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Philosophy of Umberto Eco

The Philosophy of Umberto Eco

Edited by Sara G. Beardsworth and Randall E. Auxier

Eco is a founder of modern semiotics and widely known for his work in aesthetics and philosophy of language. He is also a leading figure in the emergence of postmodern literature. This volume includes Eco’s Intellectual Autobiography and the essay “Why Philosophy?” along with twenty-three critical essays by leading philosophers and Eco’s replies to his critics.

The X-Files and Philosophy

The X-Files and Philosophy: The Truth Is In Here

Edited by Robert Arp

“Remember the time when your peanut butter sandwich was mysteriously stolen (as Cher sang in the distance)? Or when you were chased by that Mexican goat sucker thing (again)? In these pages you’ll get the chance to relive all of your favorite X-Files moments, and think about them in new and profoundly unsettling ways.”

—Dean A. Kowalski, editor of The Philosophy of The X-Files (2007)

Deadpool and Philosophy

Deadpool and Philosophy: My Common Sense Is Tingling

Edited by Nicolas Michaud and Jacob Thomas May

 “The Merc with a Mouth knows he’s a fictional character, which calls to mind questions about self-awareness, self-knowledge, and ‘I think, therefore I am.’ He’s also immortal, which makes us wonder whether living forever would get boring. And he seems to live by his own moral code, which possibly contradicts his regular ghosting of folks. Yup, there’s a lot to think about when considering Deadpool, and the authors of Deadpool and Philosophy really deliver some stunning insights.”

—Robert Arp, author of 1001 Ideas that Changed the Way We Think (2013)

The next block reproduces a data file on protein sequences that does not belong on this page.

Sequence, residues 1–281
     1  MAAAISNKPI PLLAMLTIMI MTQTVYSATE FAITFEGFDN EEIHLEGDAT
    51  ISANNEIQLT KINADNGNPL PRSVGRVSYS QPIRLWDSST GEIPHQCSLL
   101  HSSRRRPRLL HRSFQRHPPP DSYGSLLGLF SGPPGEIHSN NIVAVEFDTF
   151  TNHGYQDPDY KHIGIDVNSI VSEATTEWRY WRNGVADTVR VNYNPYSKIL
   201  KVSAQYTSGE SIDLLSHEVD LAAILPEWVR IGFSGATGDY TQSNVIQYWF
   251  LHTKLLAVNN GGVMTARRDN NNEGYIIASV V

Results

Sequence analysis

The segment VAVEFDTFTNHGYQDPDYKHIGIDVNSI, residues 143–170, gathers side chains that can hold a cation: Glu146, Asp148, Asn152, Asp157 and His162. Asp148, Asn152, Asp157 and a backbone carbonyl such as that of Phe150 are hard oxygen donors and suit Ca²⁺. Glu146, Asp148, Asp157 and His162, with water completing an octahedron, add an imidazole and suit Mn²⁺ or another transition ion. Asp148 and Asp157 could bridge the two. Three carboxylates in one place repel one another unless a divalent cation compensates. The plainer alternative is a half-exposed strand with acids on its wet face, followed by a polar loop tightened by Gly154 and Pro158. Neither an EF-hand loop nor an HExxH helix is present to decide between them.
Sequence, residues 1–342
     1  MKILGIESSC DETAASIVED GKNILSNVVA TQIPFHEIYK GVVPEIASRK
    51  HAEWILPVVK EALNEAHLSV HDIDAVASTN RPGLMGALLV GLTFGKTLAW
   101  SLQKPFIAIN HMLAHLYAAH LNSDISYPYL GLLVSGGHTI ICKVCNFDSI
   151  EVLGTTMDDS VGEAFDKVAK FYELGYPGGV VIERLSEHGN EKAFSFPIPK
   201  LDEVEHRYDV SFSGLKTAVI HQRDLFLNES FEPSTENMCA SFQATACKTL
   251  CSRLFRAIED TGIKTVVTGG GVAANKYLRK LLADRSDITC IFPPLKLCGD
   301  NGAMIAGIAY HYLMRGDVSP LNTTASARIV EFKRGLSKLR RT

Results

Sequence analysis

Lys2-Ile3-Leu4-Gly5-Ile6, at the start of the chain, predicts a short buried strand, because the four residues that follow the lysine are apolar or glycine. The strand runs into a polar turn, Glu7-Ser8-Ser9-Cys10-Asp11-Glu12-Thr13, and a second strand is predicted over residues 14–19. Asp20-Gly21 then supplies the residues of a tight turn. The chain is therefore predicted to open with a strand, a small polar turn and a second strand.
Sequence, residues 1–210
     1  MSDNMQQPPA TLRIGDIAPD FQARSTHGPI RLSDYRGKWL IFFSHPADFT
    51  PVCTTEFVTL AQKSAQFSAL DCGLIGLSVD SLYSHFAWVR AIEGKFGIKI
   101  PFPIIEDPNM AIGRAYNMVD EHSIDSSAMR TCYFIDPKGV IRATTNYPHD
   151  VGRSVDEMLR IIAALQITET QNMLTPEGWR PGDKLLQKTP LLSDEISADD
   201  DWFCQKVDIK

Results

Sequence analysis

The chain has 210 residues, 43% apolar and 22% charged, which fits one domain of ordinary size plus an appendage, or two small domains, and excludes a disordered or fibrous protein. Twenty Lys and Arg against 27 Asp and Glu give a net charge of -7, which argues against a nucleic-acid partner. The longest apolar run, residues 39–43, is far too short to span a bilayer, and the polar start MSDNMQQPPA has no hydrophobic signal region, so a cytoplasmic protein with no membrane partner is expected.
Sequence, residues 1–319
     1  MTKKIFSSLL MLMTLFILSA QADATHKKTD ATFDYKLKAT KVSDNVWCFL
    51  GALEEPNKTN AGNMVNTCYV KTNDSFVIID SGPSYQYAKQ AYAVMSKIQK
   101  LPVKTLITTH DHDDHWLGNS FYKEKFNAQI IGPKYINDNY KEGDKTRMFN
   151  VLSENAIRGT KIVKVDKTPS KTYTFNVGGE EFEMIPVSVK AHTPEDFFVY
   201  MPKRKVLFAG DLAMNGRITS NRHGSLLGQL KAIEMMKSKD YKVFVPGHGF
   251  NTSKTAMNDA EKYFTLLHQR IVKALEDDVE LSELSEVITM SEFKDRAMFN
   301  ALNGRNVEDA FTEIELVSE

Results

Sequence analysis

Peanuts and Philosophy

Peanuts and Philosophy: You’re a Wise Man, Charlie Brown!

Edited by Richard Greene and Rachel Robison-Greene

“. . . the perfect book for those of us who’ve been amused, enchanted, or provoked by Charles Schulz’s much-loved world of happiness, frustrated love, grief, struggle, joy, and so much more.”

—Charles Taliaferro, author of Consciousness and the Mind of God

The Ultimate Game of Thrones and Philosophy

The Ultimate Game of Thrones and Philosophy: You Think or Die

Edited by Eric J. Silverman and Robert Arp

 “A must read for any fan of Game of Thrones who has the slightest interest in philosophy.”

—Greg Littmann, Associate Professor of Philosophy, Southern Illinois University at Edwardsville

Red Rising  and Philosophy

Red Rising and Philosophy: Break the Chains!

Edited by Courtland Lewis and Kevin McCain

 “Red Rising and Philosophy is a fun collection of philosophical reflections on Pierce Brown’s amazing sci-fi trilogy. Contemporary philosophical issues abound in Red Rising, and Lewis and McCain have done an awesome job in assembling fascinating discussions of this popular saga.”

 —Ted Poston, Professor of Philosophy, University of South Alabama

Eight Children in Narnia

Eight Children in Narnia: The Making of a Children’s Story

Jared Lobdell

 “What Jared Lobdell has to say is always worth reading. . . . Here Lobdell delves into the sources of Narnia in C.S. Lewis’s bookish childhood, adult appreciation of the fairy tale, and ‘essential schoolboyishness’, and discovers the mythic truth in the unique Narnian blending of the numinous and the carnival.”

—Janet Brennan Croft, Editor of Mythlore

David Bowie and Philosophy

David Bowie and Philosophy: Rebel Rebel

Edited by Theodore G. Ammon

“No matter how familiar you may have thought you were with David Bowie, the chapters in this fascinating book will greatly enrich your understanding of his significance. We already knew that Bowie was constantly changing, but he emerges from these pages as a thinker.”

—Robert S. Mcelvaine, author of Eve’s Seed and The Great Depression

Orphan Black and Philosophy

Orphan Black and Philosophy: Grand Theft DNA

Edited by Richard Greene and Rachel Robison-Greene

Cloning, genetic enhancement, human experimentation, personal identity, the ends justifying the means, . . . what’s not philosophical about Orphan Black? And what’s not supercool about Orphan Black and Philosophy?

—Robert Arp, author of 1001 Ideas that Changed the Way We Think (2013)

Discworld and Philosophy

Discworld and Philosophy: Reality Is Not What It Seems

Edited by Nicolas Michaud

“An absolutely stunning, or at least relatively stunning, gaggle of choice chapters on Pratchett’s kaotic cosmos. You’ll need that bottle of dried frog pills, but be careful not to wake the Luggage.”

—Ray Scott Percival, Author of The Myth of the Closed Mind

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